>> even driven (GUI-like) programming approaches.
>> I used to program GUIs a lot, I think for certain things, event-driven is
>> better than using continuations. I do think however that continuations have
>> a place, especially for multi-page forms. Now I think it depends a lot on
>> the application, whether these forms are prevalent or not.
> I agree and this is the reason why I think deprecating Actions is a bad
> thing (at least, today). We'll provide options and guidelines, users
> will decide what to do with the tools we provide.


>> 8. Vadim's idea about making the syntax easier.
>> I think the idea of having something as simple as:
>> <map:match pattern="calc/*">
>>   <map:flow method="calculator" continuation="{1}" />
>> </map:match>
>> makes a lot of sense. Using different matchers, the continuation id can be
>> extracted from the request parameters, cookies, you name it. The only
>> problem with it is that is a bit inflexible in terms of the URI design. If
>> I'd like to have calc/kont/*, there's no easy way to specify it.
>> So I'd say we can have two alternative ways of writing this: using the above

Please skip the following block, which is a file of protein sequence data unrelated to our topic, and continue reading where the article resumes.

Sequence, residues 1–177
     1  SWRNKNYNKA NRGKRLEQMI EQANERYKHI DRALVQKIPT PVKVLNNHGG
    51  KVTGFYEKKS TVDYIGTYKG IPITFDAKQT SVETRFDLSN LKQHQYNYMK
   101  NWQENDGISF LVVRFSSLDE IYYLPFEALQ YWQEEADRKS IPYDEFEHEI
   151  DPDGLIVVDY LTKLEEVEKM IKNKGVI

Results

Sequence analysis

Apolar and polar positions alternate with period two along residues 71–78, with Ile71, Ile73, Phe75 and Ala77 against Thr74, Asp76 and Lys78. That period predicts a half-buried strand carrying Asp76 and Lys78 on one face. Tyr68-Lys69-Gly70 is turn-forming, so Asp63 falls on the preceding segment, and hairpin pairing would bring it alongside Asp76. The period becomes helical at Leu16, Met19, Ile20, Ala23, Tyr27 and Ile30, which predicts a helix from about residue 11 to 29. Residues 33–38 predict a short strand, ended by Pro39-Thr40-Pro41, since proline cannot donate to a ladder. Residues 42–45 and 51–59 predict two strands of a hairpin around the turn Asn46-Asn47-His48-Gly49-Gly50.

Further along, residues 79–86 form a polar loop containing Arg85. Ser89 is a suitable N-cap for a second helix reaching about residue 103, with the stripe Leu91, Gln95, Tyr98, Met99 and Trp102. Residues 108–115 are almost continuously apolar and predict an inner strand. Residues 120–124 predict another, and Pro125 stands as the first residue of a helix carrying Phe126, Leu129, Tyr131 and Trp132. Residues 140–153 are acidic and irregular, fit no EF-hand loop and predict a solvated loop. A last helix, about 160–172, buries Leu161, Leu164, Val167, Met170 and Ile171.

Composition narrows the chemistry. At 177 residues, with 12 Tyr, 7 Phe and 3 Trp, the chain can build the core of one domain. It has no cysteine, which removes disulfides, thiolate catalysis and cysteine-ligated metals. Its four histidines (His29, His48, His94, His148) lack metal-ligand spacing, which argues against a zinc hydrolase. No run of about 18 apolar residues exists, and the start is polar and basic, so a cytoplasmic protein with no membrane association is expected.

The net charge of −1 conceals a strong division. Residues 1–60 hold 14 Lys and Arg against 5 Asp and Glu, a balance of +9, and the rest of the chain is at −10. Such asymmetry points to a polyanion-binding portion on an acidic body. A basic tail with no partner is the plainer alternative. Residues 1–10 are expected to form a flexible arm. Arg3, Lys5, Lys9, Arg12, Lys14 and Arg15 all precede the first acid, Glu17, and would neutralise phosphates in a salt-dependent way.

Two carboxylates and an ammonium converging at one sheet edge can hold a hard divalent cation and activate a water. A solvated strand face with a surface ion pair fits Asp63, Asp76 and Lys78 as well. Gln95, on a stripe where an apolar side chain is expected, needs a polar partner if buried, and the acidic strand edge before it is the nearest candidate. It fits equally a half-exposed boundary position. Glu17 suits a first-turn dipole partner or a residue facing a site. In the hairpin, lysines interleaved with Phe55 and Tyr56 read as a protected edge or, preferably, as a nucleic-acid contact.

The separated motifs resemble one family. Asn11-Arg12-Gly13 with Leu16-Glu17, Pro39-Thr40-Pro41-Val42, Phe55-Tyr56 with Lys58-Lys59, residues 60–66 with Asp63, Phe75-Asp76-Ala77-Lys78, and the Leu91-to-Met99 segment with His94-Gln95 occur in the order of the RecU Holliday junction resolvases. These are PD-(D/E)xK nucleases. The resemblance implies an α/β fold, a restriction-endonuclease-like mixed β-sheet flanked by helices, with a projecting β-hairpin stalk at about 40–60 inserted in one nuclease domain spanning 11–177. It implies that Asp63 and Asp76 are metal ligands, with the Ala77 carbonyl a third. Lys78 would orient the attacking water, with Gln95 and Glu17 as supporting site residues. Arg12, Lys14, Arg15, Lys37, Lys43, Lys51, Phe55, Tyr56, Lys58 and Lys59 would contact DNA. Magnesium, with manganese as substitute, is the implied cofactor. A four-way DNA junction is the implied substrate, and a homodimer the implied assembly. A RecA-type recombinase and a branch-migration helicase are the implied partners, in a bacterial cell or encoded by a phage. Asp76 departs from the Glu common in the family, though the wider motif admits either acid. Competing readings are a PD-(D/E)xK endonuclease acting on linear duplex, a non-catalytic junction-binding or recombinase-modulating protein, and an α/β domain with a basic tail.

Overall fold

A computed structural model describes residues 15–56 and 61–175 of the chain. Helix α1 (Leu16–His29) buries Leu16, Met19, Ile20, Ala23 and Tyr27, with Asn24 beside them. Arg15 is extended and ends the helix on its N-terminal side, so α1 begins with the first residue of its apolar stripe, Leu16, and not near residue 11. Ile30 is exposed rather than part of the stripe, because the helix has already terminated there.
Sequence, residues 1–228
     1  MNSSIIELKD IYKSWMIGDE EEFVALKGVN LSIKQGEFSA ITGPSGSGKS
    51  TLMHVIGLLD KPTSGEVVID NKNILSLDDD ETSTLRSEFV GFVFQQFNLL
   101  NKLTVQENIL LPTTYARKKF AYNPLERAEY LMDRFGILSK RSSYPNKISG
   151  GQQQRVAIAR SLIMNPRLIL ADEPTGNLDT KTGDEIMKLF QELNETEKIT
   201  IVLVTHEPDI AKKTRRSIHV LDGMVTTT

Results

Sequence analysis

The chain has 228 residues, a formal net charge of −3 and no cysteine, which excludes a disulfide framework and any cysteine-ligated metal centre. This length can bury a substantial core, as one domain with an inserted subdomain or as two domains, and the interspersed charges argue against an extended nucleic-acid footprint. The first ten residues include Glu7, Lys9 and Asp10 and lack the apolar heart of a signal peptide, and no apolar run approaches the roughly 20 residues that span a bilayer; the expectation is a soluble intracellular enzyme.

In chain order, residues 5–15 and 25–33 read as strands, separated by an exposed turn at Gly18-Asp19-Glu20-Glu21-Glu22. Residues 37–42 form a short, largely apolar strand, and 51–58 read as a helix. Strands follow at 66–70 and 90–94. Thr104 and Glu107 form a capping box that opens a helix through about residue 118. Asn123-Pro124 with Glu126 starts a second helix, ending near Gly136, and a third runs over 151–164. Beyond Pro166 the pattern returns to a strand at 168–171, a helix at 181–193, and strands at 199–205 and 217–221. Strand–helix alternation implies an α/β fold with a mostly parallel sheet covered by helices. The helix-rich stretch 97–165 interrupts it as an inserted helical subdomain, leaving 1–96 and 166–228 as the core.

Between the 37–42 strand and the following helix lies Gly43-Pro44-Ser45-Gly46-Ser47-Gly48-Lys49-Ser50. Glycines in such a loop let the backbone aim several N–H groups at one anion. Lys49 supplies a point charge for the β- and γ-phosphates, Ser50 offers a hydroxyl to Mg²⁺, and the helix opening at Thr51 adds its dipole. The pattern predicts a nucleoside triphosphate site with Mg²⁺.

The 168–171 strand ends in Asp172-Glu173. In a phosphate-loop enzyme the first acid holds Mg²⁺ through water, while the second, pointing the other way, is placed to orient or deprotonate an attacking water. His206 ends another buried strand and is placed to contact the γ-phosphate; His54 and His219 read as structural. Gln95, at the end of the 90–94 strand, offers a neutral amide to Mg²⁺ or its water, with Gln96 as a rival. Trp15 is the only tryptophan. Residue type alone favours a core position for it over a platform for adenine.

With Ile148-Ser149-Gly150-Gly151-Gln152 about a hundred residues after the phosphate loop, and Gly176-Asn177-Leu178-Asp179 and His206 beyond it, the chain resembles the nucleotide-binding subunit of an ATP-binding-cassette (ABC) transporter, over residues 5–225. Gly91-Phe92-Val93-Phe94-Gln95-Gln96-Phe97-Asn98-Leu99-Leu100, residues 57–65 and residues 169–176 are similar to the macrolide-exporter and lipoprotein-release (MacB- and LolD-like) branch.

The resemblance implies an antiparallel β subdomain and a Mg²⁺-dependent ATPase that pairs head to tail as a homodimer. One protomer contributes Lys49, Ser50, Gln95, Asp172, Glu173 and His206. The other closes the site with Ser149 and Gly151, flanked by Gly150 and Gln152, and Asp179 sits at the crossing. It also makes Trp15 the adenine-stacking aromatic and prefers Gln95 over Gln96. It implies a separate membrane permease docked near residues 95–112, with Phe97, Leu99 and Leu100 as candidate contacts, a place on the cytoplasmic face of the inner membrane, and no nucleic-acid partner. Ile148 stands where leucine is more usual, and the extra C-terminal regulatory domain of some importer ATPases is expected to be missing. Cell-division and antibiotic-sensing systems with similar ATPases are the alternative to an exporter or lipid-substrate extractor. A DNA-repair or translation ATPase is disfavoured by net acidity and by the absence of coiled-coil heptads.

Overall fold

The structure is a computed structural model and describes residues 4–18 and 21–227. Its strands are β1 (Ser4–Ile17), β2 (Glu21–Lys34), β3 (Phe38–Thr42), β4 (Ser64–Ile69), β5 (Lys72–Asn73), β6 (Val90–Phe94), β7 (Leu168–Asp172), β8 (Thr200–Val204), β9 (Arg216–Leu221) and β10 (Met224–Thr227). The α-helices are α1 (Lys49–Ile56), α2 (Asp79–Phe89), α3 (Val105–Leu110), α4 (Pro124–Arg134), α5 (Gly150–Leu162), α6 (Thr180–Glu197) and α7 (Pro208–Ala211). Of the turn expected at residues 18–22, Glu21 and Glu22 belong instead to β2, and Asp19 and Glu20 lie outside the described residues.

>> proposal and what is already implemented, for power users that want more
>> control. How about this?
> Sorry, but I lost you here.

I think the idea is to have something which just works by default, with no
configuration necessary. In addition to this, more experienced developers
can use the current method, which is more complex. Vadim's proposal is for
the first method. What is already implemented in the current code is the
second method.

>> 9. Reinhard asks what happens if two different flow scripts have a function
>> with a similar name name.
>> Since the flow scripts have their own variable space (not now due to some
>> problems in the current implementation), there shouldn't be any problem.
>> Each flow script can use its own variable and function names, without
>> worrying about possible conflicts with other scripts.
> Yes, and also I was thinking about having something like